Frostbite, mild to extreme, starts to move the needle from “That’s just the way it is” into the realm of “That was really stupid”; Or further into “That should have been prevented” territory. Let’s hope the people making the decisions adhere closer to the just-uncomfortable domain.
What do you think happens when outside rec opportunities come in quanta of 1 hour, no more and no less, no matter the weather? In some weather that will be life threatening if you’re not dressed for it. Idaho has been known to have “some weather.” Let’s say you’ve been locked down for a week, because of short staffing or any one of the usual numerous reasons, and now have an opportunity for outside rec, but the weather is challenging. The clothes you have available could mean that your decision, skewed by your emotional need to get out of your small cell, will put you at high risk for “That was really stupid”, or worse.
The right to go outside for rec is important enough to be included as rule 23.1 in the United Nations Standard Minimum Rules for the Treatment of Prisoners (the Nelson Mandela Rules). The “if weather permits” clause in that rule is a margin that may be shaved. Another is which clothing items, especially those appropriate for inclement weather, must be purchased. The ability to purchase these items often depends on the finances of your outside support system, or whether you even have anyone outside who can help.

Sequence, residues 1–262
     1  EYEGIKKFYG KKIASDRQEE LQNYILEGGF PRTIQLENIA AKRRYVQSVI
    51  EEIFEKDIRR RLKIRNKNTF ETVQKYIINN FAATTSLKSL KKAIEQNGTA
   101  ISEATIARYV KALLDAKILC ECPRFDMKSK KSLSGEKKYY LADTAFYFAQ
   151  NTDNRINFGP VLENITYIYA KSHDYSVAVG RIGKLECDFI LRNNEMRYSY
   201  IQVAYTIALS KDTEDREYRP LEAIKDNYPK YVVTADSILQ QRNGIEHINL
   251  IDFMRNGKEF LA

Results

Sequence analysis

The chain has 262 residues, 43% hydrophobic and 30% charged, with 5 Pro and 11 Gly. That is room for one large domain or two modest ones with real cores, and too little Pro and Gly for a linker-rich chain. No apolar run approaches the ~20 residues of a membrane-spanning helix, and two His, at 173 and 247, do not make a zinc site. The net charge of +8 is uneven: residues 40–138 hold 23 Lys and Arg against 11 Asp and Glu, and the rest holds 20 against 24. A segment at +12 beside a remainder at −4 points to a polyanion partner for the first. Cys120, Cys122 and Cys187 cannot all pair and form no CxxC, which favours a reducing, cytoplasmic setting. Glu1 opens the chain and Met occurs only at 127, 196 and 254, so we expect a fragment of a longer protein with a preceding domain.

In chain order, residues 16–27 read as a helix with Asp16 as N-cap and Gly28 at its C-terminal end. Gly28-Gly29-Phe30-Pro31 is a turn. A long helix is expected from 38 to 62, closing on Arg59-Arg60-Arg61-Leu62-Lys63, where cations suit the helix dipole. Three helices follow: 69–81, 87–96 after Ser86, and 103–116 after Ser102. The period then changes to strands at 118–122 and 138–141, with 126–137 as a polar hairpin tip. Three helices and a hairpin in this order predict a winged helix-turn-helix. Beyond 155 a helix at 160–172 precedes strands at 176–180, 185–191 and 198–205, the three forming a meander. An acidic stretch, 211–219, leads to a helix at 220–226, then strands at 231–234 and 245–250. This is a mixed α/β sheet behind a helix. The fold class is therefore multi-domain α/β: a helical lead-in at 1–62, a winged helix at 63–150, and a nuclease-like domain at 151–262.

Nutrition is another area where skirting close to the margins happens. Nutrition in prison is a big expense that is carefully managed. Sunday is “Starve Day” at Idaho prisons. Breakfast and dinner are served, but only an informal lunch might be found for those who bag up muffins at breakfast. Male residents, apparently by virtue of an extra appendage, get two muffins, while female residents only get one. Patrick writes here that there are other sex-dependent differences in serving sizes. Other posts from over the years at bookofirving82431.com describe serving size changes that don’t match posted nutritional information, and staples that become suddenly unavailable.
In the Times essay he mentions that there are some meals he simply can’t stomach. Pre-incarcerated Patrick and I have challenged each other with food dares, as guys do. He has a pretty solid stomach, so these items must be noteworthy. Not being able to eat something because it turns your stomach, whether or not it also makes you involuntarily spray it in one direction or the other, is probably not incorporated into the careful nutritional and economic balance.